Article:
Friday, August 13, 2010

House auction in Australia

I attended a couple of house actions this morning to see how hot or cool the property market is now. The first house attracted no bidder, opening at $780k. This house is very old, so it is probably targeted at someone who has in mind to build a new house on the 771 sq m of land. At the peak, this would have easily sold above $800k. The second house (in a different suburb) is only 5 years old, single storeyed, and in a very modern neighborhood. This house attracted 3 bidders, and was finally passed in at $640k. It was not sold under the hammer, as the owner had in mind a higher reserved price.

What do I make of this? Well, the market has certainly cooled a lot, with the noticeable absence of mainland Chinese bidders. So it is true that the governments previous policy of allowing foreigners to buy into the market did create an unrealistically strong demand and a huge inflation in house prices.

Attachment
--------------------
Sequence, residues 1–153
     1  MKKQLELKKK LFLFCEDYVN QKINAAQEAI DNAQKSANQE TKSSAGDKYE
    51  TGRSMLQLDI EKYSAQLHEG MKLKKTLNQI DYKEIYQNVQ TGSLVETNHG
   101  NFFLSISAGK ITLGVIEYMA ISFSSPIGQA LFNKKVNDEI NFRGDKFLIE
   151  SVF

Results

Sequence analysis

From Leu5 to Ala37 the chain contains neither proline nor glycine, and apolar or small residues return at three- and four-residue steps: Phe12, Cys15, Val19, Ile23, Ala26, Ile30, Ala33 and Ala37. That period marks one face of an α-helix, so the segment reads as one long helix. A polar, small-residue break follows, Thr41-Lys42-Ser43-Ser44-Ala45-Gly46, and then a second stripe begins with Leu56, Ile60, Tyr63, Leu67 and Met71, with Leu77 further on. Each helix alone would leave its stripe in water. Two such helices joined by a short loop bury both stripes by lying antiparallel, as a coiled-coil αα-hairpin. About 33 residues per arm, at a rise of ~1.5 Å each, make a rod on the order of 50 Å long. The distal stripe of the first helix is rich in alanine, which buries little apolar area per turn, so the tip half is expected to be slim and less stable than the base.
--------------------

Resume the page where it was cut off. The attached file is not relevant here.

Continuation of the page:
What hasn't change is the way house auctions are conducted. It is all to the advantage of the seller, and indirectly, the estate agents (who benefit from playing up the market). First of all, I have noticed that while the auctioneer tries to induce people to bid up the price, the buyer is not told at which price the owner is willing to sell. The impression given is that if you are the last bidder, common sense tells you that you have won the bid. Isn't that how auctions are supposed to go? But no, the auctioneer will hang on to the last bid, and then go and talk to the owner. Then he will come back to say if the house is "on the market". If it is, the bidding continues from that level.

In the case of the second auction I attended today, the three bidders were genuinely bidding against one another in good faith and at reasonable price level. Yet in the end, the final bidder did not get the house, but only got the "first right" to talk to the owner to further negotiate. I think the auction rules ought to be re-written.

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